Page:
Mind the elements

Snow, ice, rain, and fog can dramatically transform road conditions, often very quickly. Drivers, particularly young and inexperienced ones, need to stay informed about the weather and be aware of several important strategies for driving safely under adverse conditions. In 2007 there were 369 people killed, nearly 4,000 people badly injured, and around 25,000 slightly injured in car accidents involving inclement weather. Last year slippery roads were a contributing factor in 9% of crashes involving young drivers, but 0% of older drivers. Experience clearly plays a role in keeping drivers save on rain or ice-slicked roads: new drivers often don’t know to drive slowly in the rain or haven’t had practice maneuvering out of a skid. But while driving in heavy snow may require specialist equipment and a full arsenal of driving tricks borrowed from Ice Road Truckers, amateur motorists can safely arrive home after a light British snow or rain with a little bit of know-how and a lot of caution.

In 2007 there were 369 people killed in car accidents involving inclement weatherWhether you’re contending with icy roads, falling sleet, or pea soup fog, the most important thing to remember is to drive slowly and carefully. On slippery roads, avoid high revs, sudden braking, and sharp turns: maneuver as smoothly as possible. Double or even triple your stopping distance and keep more space between your vehicle and the one in front of you. If you begin to skid, take your foot off the pedal, steer into the skid, slowly release the accelerator, and most importantly, don’t brake. When visibility is reduced by fog, rain, or spray, turn on headlights or fog lights but be aware of drivers who won’t be using them. Slow down, increase the distance between you and the car in front, and check your mirrors before you slow down. Make sure you’re able to slow down in the distance you can see.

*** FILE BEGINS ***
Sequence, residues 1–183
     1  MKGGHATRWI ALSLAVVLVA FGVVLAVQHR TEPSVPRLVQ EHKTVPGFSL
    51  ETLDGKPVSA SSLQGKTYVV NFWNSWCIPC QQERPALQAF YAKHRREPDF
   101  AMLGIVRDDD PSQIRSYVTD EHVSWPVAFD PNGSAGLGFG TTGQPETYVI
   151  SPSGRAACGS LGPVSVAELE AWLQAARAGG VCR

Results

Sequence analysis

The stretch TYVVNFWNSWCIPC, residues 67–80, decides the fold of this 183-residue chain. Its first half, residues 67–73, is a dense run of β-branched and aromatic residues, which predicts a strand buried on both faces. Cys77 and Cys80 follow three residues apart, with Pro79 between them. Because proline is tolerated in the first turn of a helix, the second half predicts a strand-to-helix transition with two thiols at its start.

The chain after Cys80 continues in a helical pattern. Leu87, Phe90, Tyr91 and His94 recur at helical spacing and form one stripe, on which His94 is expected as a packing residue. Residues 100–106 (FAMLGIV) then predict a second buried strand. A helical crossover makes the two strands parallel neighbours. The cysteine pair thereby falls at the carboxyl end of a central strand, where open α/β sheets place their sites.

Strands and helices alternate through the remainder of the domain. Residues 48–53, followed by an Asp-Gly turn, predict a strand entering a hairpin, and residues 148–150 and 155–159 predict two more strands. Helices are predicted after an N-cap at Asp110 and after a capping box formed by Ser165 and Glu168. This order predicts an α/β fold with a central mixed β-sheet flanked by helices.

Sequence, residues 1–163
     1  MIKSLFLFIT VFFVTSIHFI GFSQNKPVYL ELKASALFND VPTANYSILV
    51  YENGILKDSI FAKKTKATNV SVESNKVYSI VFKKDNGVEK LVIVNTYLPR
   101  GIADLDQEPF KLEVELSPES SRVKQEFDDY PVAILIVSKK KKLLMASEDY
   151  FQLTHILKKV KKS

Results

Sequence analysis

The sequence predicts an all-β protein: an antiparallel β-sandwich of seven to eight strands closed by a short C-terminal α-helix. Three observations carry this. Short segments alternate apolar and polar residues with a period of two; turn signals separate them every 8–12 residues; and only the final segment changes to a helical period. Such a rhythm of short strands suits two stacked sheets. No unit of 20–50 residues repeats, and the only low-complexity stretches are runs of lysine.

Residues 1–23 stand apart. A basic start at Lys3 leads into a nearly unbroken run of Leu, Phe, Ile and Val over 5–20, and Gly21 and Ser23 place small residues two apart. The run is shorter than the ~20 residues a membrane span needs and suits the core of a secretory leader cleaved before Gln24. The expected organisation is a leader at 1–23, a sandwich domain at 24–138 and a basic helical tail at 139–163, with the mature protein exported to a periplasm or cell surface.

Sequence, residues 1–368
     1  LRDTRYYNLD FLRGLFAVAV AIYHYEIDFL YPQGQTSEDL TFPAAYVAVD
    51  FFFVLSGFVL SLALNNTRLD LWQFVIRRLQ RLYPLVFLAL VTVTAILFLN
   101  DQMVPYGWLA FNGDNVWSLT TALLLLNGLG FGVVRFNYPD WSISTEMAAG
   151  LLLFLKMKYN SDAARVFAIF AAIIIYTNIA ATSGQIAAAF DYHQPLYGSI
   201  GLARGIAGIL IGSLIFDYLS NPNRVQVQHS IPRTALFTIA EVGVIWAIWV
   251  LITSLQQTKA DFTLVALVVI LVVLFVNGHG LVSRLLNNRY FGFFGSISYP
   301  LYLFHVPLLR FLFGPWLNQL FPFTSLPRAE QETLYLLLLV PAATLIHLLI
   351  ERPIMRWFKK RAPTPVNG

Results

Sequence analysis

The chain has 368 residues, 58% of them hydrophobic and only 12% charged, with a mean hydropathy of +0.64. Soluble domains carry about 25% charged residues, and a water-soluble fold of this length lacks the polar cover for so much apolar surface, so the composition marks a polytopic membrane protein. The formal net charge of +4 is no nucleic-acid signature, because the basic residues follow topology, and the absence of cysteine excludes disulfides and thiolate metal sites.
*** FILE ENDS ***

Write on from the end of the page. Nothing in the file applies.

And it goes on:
When heading out in adverse conditions, make sure you’re well prepared for any contingency. Make sure you’re dressed warmly or have an extra parka and pair of boots stashed in the boot. Ensure your tyres are fully inflated, your tank is full, and your battery is charged. If braving the elements on deserted roads, you may want to carry a emergency  kit with jump leads, a torch, a shovel, an ice scraper, a first aid kit, and food and water.

Road Safety Facts

Overall Statistics

  • In 2012 there were 1754 deaths on Britain’s roads. Despite improvements in car safety 46% of those killed were car occupants. 118 were pedal cyclists while 328 were motorcyclists. 420 were pedestrians.
  • While overall deaths have been declining on our roads –  a full 8% between 2011 and 2012 – death rates for cyclists have been increasing, 10% in the same years. Even more worrying is the increased in number of  child cyclists killed on our roads, which increased 117% in just a year.